Changes for Women in Thailand

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In February 2020, Thailand’s Constitutional Court ruled unconstitutional the abortion provision, which falls under the country’s criminal code. In accordance with this provision, women who have an abortion can be imprisoned for up to three years and those who perform them can be imprisoned for up to five years. As a result, the court gave the Thailand government three hundred sixty days to change abortion laws.

According to the new amendments, women can have an abortion if the fetal age reaches twelve weeks. But if a woman has an abortion after twelve weeks, she could be jailed for up to six months and face a fine of ten thousand baht or both.

Significantly, abortions can be performed after the end of the first trimester, but only if they meet criteria established by the Medical Council of Thailand (MCT). According to these criteria, a pregnancy can be terminated beyond the permitted period if it poses a threat to the physical or emotional health of the mother, if the fetus is known to have abnormalities or if the pregnancy is the consequence of sexual assault.

While the amendments signal progress, pro-choice activists in Thailand remain unconvinced and continue to demand full decriminalization of abortion. Human Rights Watch also called for a full decriminalization of abortion so that women can completely exercise their reproductive rights.

One of the faces of the pro-choice movement in Thailand is gender equality and LGBT rights activist Chumaporn Waddao Taengkliang, who is the co-founder of a group called Women for Freedom and Democracy. She also joined pro-democracy or anti-government protests year in 2020 that demanded that the monarchy be reformed and that Prime Minister Prayuth Chan-ocha resign. The protests were among the most prominent seen in recent times and, although they are broadly against the monarchy, other groups have joined them in pushing for expanded LGBT and women’s rights, reforms to the education and the military and improvements in the economy.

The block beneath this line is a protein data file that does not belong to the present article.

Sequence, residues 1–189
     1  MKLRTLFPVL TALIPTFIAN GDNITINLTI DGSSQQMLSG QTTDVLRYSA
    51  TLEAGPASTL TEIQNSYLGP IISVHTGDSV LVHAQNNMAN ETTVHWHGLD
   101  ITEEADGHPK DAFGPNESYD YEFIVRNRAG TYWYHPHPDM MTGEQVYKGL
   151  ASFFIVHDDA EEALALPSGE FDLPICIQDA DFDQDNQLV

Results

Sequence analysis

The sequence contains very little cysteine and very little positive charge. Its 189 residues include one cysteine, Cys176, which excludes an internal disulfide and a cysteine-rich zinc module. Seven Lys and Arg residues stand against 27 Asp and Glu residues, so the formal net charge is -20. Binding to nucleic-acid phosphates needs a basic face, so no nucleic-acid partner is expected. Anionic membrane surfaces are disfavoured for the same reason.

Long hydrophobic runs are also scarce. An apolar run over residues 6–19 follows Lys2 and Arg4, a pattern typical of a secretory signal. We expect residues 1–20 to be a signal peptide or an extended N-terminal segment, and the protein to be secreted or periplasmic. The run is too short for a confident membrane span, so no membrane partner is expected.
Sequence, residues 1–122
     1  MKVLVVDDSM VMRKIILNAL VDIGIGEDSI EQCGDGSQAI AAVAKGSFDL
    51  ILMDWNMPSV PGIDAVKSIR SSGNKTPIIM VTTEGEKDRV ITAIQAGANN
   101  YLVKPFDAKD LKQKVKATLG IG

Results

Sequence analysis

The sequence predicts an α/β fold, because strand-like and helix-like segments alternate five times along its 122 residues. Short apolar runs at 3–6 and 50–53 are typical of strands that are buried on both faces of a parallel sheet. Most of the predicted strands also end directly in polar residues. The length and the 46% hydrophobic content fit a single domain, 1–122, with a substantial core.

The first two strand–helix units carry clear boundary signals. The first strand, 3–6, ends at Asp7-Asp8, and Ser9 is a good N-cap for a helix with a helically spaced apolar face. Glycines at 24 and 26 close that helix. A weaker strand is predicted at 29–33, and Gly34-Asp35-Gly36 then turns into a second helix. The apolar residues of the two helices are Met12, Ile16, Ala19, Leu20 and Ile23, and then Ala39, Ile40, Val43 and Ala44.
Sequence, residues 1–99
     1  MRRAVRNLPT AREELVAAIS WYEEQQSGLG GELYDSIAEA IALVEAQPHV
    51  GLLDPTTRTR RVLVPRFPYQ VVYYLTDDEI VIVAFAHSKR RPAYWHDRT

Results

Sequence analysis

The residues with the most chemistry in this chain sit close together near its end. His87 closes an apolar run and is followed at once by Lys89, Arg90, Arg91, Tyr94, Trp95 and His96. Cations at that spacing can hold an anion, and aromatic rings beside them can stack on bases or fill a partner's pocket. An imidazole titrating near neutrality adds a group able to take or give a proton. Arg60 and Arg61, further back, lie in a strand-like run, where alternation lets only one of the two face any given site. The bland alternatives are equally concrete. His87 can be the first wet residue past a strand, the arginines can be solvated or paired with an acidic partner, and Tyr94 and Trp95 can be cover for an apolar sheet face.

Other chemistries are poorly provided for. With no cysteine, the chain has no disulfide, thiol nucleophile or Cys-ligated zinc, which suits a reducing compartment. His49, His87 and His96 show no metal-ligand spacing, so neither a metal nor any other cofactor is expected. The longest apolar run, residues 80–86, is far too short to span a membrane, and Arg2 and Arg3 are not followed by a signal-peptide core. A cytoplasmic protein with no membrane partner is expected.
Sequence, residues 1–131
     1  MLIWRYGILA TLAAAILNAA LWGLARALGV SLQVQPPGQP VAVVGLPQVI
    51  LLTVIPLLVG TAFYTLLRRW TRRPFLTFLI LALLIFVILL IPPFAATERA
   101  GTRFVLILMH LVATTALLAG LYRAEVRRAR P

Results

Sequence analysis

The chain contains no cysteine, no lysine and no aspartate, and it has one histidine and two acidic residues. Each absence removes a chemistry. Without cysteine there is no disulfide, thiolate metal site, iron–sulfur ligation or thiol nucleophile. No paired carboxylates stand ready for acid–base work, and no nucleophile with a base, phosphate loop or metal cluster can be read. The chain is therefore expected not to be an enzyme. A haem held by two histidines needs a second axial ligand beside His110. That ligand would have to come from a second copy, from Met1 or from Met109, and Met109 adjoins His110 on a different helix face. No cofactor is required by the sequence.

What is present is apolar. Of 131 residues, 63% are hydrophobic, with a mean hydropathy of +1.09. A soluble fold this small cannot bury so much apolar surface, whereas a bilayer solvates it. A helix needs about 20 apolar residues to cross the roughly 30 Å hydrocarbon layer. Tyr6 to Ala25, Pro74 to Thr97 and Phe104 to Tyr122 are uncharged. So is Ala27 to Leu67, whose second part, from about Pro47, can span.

Taengkliang told the New York Times in year 2020 that the male supremacy society has grown since the coup. Taengkliang was referring to how Chan-ocha came to power in 2014, through a coup. He is endorsed by the king and allegedly meddled in electoral laws during the 2019 elections, which would have allowed him to remain in power. Thailand is a predominantly Buddhist country of about seventy million people and transitioned from an absolute monarchy to a constitutional monarchy in 1932. Following a coup in 1947, Thailand was ruled in largely by the military.

During pro-democracy protests in year 2020, scores of young women, many of whom were students, dominated the protests. These women called for gender equality and endorsed matters specific to women, including taxes on menstrual products, abortion and school rules that compell girls to conform to an outdated version of femininity.